It's not unusual to have tenderness in your joints from time to time, but sufferers of fibromyalgia have widespread pain throughout their bodies. The most common symptoms of fibromyalgia include fatigue, sleep disturbance, and joint stiffness. However, there are many other symptoms which are frequently reported by those afflicted with fibromyalgia (also sometimes called FM, or FMS).
FMS is more common in women than in men by seven to nine times, and usually presents itself between the ages of 20 and 50.
Many doctors see fibromyalgia as a controversial disease, because there is currently no objective test to diagnose it. Instead, a doctor will assess a patient based on their symptoms, and determine if the specific symptoms meet the criteria to qualify the patient as having FMS. Not only is there no objective test, but there is not even a commonly-accepted model that describes the mechanism through which the disease works! Additionally, many of the symptoms of fibromyalgia correspond to other chronic diseases like lupus or rheumatoid arthritis, so many doctors believe that those diagnosed with fibromyalgia are actually suffering with a combination of other conditions, and treating someone for FMS will do nothing to remedy their symptoms.
Chronic Pain: The primary symptom of FMS is chronic widespread pain. There are 18 points on the body which correspond to a diagnosis of fibromyalgia, but many sufferers feel pain in other areas as well.
Fatigue: Another primary symptom of FMS is fatigue. Many sufferers report a debilitating exhaustion, as if they had a flu. Coupled with chronic pain, these two symptoms make it extremely difficult for fibromyalgia sufferers to lead normal lives.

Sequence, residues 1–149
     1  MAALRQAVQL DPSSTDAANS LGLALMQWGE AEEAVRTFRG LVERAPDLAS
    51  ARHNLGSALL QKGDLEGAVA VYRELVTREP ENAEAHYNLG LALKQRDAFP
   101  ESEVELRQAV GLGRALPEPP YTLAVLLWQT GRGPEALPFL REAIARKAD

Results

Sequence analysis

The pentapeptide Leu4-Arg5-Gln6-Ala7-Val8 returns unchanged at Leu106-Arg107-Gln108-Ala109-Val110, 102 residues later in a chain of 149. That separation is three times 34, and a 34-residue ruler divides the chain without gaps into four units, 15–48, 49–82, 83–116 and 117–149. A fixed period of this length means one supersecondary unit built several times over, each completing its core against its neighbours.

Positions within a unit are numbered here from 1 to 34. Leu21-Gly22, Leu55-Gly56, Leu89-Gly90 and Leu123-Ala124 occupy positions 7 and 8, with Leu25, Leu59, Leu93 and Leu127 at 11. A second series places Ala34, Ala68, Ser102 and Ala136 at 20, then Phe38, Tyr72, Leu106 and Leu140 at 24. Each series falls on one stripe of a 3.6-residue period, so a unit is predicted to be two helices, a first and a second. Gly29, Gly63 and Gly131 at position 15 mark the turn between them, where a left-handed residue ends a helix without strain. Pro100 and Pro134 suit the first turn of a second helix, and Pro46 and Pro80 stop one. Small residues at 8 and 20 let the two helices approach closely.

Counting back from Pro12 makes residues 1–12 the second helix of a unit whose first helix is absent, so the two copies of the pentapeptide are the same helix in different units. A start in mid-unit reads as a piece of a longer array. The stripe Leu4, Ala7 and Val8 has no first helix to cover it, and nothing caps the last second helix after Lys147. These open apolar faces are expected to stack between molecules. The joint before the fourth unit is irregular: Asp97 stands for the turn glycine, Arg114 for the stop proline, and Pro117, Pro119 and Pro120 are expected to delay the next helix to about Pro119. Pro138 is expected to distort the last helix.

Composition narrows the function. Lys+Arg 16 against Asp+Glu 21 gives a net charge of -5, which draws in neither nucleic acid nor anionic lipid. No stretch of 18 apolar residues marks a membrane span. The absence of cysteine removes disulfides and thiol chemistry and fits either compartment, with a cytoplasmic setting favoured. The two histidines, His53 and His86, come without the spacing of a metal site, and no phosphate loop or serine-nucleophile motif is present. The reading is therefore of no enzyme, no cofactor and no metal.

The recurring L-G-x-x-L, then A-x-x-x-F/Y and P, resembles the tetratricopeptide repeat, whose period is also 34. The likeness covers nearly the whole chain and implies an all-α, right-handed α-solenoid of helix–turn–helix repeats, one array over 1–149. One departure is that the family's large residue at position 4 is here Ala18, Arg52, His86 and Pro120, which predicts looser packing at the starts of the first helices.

Cognitive Dysfunction: An inability to concentrate, frequently called "fibro fog" is also a commonly-reported symptom. Many FMS sufferers report increased forgetfulness, decreased alertness, and an inability to stay focused.
Bowel Disturbances: Another common symptom of FMS is problems with the bowels. In many ways, the bowel component of fibromyalgia is very similar to Irritable Bowel Syndrome, and can cause people to have abdominal pain, cramping, bloating, and constipation, diarrhea, or the alternation of both.
Cognitive Behavioural Therapy: One of the most successful treatments for fibromyalgia is Cognitive Behavioural Therapy, or CBT. It is most effective when combined with exercise.
Antidepressants: Many of those afflicted with FMS become depressed because of their chronic pain and fatigue. Taking antidepressants has been shown to improve sleep disturbances, and even pain in patients with FMS.
Anti-Seizure: A few anti-seizure drugs, including pregabalin and gabapentin, have also been shown to improve the symptoms of a minority of FMS sufferers. Approximately 30% of patients show an improvement with anti-seizure medications.
Opioids: For people suffering from chronic pain, a painkiller is usually the first thing prescribed. Because FMS is a chronic condition, those taking opioids must be careful not to develop a dependency.